CT collaborated in the R+D Keelbeman project to design and manufacture a keel beam section for the Airbus A320.

The KEELBEMAN project successfully concluded at the end of February 2020. Funded by the European Commission through the Clean Sky 2 Joint Undertaking under the EU Horizon2020 program, the goal of this project was the complete design and manufacture of a thermoplastic composite keel beam section for an Airbus A320-type aircraft to validate the technology at technology readiness level 3 (TRL3).

CT, a leader in providing technological and innovative engineering solutions for the entire product life cycle, carried out the keel beam redesign from metal to composite with no rivets, starting from the metallic baseline defined by Clean Sky 2 topic manager Airbus (Toulouse, France) and defined the architecture and thickness according to calculations from structural and manufacturing process analysis.

“The main challenge of the project was to understand the do’s and don’ts of thermoplastic processes and associated induction welding and to propose a technical solution that would have the least possible negative effect on manufacturing and assembly capacities. As for the lessons learned, we gained new skills in materials and processes related to thermoplastics, and we focused on improving manufacturability in order to find a balance between performance and cost”, explains Matthieu Merle.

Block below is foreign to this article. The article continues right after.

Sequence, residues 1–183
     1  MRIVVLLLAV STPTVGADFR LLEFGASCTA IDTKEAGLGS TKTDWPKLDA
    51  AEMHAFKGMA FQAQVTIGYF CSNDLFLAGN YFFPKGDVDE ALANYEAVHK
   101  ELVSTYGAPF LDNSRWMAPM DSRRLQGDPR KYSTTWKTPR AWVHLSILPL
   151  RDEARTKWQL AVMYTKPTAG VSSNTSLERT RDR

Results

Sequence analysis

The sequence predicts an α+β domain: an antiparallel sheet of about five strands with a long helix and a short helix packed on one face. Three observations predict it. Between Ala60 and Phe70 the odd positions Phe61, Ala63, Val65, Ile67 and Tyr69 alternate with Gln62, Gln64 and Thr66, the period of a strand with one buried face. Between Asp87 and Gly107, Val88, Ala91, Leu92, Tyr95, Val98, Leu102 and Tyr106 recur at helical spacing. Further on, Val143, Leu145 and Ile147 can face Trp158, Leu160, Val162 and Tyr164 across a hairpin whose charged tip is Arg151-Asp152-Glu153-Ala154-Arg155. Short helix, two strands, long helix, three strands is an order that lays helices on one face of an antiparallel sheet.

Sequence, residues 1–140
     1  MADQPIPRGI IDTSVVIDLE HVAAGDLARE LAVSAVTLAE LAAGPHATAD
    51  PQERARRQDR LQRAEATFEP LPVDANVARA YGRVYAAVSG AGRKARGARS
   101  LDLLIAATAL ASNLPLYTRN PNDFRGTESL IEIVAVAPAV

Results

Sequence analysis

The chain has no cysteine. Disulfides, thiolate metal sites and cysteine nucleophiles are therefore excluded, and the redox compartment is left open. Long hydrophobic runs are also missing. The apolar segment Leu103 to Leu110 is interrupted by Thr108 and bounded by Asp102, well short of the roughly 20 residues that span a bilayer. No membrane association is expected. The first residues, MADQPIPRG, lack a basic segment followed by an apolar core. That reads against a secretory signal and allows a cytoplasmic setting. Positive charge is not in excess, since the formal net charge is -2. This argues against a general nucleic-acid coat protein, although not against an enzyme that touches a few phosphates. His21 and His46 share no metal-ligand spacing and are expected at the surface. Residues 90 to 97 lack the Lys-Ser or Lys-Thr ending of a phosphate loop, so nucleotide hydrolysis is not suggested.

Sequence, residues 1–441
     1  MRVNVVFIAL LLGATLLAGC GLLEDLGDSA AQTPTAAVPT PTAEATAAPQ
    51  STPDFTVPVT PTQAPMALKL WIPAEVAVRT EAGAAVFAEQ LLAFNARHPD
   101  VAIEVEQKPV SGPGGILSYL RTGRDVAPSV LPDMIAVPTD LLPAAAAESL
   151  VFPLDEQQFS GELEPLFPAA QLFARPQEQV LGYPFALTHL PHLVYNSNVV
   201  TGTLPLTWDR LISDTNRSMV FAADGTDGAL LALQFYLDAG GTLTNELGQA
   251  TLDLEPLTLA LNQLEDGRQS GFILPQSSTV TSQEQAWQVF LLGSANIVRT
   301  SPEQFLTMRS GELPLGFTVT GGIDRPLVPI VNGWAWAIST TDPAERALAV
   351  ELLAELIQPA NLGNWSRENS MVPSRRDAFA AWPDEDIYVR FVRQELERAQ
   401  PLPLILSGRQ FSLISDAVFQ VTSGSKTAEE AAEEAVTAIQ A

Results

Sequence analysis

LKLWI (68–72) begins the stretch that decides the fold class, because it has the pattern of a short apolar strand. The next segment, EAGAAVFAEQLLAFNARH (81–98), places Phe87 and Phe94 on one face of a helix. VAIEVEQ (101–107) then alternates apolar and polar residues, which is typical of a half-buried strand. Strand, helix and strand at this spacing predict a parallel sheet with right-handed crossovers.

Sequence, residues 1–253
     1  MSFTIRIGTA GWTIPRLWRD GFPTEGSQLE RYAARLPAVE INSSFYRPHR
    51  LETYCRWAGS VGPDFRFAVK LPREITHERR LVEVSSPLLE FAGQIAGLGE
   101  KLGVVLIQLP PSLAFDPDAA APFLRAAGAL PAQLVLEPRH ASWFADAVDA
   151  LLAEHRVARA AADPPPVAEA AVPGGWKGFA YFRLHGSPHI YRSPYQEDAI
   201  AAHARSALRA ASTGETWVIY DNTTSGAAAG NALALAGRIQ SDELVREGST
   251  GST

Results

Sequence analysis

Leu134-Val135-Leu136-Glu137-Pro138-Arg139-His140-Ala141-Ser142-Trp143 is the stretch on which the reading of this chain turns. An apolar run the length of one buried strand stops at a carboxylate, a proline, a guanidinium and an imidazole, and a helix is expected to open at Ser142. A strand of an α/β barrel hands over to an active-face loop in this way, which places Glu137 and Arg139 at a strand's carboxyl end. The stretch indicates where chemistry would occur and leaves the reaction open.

To successfully complete this project, CT collaborated side by side with EURECAT, as project coordinator, CETMA, an R&D center highly specialized in composite processing and characterization and SOFITEC, a leading Spanish TIER 2 supplier for aerostructures. The multidisciplinary consortium addressed the design and manufacture of a full component via a keel beam section demonstrator, using thermoplastic matrix resin reinforced with carbon fiber. The use of manufacturing technologies with significant potential for automation has been explored and selected combinations have been demonstrated at TRL3.

CETMA was responsible for manufacturing the skins and the stringers of the keel beam section, by using a novel and fast continuous compression molding (CCM) process, one of the most promising for manufacturing very long thermoplastic composite parts. Stiffening ribs were produced using more conventional non-isothermal compression molding by the project coordinator EURECAT. Skins, stringers and ribs were assembled using CETMA’s patented induction welding technology.

On the other side, SOFITEC, a leading Spanish TIER 2 supplier for aerostructures, focused on the detailed definition and implementation of ultrasonic non-destructive inspection (NDI) of coupons, subcomponents and the final demonstrator, based on Airbus standards and the particularities of welded thermoplastic composite structures.

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